October 20, 2014

haricots soufflées

bean biscuits

It’s been a Puccini sort of day. Giacomo Puccini has been in my head all day by way of my headphones. I’m currently on a writing binge, and I can’t write without filling my head with music being sung in a foreign language to block outside sounds. At the moment the music is Puccini’s 1880 graduation exercise Messamore »

October 13, 2014

mariné zeste de pastèque

pickled watermelon rind

Pickle as a noun meant the kosher dills from a local German delicatessen. Pickled as an adjective meant herring in sour cream. Both were part of my childhood, introduced to my palate by my Bavarian‑born mother. At the same time, watermelon indicated a very hot day when we’d eat outside rather than in our hot kitchen. more »

October 6, 2014

ambroisie de pêche

peach nectar

Ambrosia is the nectar of the gods, or at least that’s how I remember it being described a long time ago in a class dealing with Greek myths. The memory is very faint. It was some time in elementary school. All those gods and their petty grievances made no sense at all to little me. more »

September 29, 2014

œufs brouillés parfumés aux cèpes

porcini-sented scrambled eggs

The afternoon in 1955 that my mother’s first television was delivered, my brother and I tried to watch Rin Tin Tin through a screen full of snow. (The roof antenna had yet to be installed.) I’m sure it was shortly thereafter when I saw my first cooking program, or at least my first cooking segment on some morning show. more »

September 22, 2014

carpaccio d’agneau

raw, sliced lamb

Lisa has some very tasty loins. Perhaps I should explain? Lisa is a ewe, but that in itself doesn’t explain everything. As I previously wrote, I periodically purchase a lamb from a rancher an hour south of where I live. He slaughters and dresses the lamb early in the morning. I pickup the carcass within a few minutes of him finishing, and then drive it to the school where I teach the occasional knife skills and butchery class. more »

September 15, 2014

biscuits « Oreo »

“Oreo” cookies

In 1824, Charles Caleb Colton wrote: “Imitation is the sincerest [form] of flattery,” and we’ve been stuck ever since with similar phrases to excuse our copying the work of others. In my estimation, no other field has as much copying as cooking. Whether imitating, duplicating, mimicking, simulating, or outright plagiarizing, to say that copying isn’t commonplace in cooking is to deny that the sun rises in the east and sets in the west. more »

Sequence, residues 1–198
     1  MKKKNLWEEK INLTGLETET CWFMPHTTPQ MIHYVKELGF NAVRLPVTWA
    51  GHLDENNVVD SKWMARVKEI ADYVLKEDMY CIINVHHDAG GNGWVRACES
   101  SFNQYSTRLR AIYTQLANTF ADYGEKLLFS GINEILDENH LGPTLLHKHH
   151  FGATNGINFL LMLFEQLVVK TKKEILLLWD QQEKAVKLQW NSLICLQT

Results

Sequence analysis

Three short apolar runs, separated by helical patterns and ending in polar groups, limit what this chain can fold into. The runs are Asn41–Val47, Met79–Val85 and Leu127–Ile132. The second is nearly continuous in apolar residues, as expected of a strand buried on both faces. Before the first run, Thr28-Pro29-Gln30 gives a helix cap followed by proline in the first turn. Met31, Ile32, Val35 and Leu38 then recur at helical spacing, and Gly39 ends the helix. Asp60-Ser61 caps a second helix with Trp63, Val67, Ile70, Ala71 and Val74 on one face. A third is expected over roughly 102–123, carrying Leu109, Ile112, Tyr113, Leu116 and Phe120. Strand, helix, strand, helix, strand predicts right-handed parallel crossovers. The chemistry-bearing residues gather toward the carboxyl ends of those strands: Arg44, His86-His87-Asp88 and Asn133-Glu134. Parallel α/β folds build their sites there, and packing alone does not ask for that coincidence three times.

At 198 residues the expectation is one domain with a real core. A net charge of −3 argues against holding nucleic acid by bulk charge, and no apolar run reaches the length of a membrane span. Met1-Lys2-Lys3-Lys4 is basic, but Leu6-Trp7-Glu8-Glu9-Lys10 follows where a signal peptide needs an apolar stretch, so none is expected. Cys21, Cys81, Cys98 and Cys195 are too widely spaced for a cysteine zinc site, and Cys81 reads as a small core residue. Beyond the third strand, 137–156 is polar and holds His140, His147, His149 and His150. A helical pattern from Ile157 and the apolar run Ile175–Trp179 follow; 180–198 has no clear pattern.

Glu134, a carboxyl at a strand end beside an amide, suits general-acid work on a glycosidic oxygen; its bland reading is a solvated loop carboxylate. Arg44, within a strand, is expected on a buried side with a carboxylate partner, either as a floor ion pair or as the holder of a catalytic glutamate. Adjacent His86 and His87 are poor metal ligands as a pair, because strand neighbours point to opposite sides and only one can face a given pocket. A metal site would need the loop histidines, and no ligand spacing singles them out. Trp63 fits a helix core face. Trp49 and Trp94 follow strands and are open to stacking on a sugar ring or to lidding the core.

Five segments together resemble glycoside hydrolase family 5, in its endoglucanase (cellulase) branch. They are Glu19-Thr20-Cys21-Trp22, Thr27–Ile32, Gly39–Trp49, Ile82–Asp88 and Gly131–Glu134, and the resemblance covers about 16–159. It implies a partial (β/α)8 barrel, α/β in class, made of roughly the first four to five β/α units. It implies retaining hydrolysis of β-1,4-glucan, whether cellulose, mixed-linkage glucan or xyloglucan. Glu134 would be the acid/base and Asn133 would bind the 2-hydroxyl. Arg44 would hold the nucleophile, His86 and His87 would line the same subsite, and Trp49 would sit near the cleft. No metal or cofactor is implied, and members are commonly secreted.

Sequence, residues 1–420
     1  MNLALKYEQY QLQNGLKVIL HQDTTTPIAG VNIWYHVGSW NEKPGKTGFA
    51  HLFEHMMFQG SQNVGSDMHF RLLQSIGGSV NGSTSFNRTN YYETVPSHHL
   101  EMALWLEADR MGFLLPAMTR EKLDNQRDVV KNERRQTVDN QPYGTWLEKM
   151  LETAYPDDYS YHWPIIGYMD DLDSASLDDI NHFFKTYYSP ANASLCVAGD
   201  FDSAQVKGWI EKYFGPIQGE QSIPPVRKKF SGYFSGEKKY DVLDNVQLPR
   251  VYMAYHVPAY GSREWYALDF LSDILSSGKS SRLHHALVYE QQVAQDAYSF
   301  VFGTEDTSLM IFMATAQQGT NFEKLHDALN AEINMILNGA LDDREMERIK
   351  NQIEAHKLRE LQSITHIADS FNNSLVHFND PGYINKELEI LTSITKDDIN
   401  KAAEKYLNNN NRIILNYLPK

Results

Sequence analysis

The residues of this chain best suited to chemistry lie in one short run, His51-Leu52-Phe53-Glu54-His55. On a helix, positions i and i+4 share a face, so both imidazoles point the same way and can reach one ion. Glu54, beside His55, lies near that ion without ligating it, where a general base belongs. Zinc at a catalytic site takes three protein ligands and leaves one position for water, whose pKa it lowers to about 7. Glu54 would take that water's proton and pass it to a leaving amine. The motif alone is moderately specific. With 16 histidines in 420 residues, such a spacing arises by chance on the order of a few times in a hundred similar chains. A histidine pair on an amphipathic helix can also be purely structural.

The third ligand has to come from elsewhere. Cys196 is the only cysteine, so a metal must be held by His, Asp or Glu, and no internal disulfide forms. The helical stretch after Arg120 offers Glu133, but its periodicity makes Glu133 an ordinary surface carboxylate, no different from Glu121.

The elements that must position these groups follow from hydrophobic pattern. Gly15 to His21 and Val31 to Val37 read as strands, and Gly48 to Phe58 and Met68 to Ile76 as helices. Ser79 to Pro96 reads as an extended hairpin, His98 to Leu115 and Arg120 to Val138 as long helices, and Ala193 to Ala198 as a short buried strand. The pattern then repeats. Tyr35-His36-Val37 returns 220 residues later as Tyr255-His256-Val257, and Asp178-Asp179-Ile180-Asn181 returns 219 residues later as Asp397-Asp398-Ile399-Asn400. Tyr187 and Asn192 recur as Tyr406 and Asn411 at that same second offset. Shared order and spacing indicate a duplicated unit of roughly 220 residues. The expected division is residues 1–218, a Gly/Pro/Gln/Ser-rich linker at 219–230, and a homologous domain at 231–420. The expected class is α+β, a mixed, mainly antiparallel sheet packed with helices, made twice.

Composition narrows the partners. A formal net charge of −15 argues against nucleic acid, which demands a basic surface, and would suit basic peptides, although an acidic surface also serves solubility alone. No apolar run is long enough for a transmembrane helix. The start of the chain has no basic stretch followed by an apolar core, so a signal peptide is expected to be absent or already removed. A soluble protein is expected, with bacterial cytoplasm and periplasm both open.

September 8, 2014

rouleau de fromage

cheese roll

The modern concept of east‑west cooking, later supplanted by fusion cooking, has been around at least since the 1970s. In one sense, it has been around forever. When an ethnic group migrates to a new area, they tend to adapt their cooking methods and recipes to locally available ingredients. The result is a fusion of sorts. more »

September 1, 2014

hamburger de poulet

mini-chicken burger

In August, 2013, I spent a bit over a week in Japan. My main reason for being there was to learn about and make a few Japanese knives. (A two‑part article about my trip can be found here and here.) Whether home or away or far away, I’m always thinking about whether something I’m eating or watching being made would make a good amuse‑bouche, intermède, or mignardisemore »

August 25, 2014

les bonbons de Martha Washington

Martha Washington candy

Martha Washington didn’t make chocolate‑covered candies. Chocolate is not an ingredient in any of the recipes in either of the manuscripts now given Martha’s name. Other ingredients of these modern candies were also missing from the recipe collections. Dried coconut wasn’t quite yet making the trip to Northern Virginia. Sweetened condensed milk, wouldn’t exist for almost another century. more »

August 18, 2014

bouffées de thon et algues

tuna puffs

For me, as a typical west‑coast, middle‑class kid, the iconic dish in the 1950s was a tuna casserole prepared from a can of tuna, a can of condensed cream of mushroom soup diluted with milk, and a 12‑ounce package of egg noodles. Before baking, the casserole was topped with crumbled potato chips. more »

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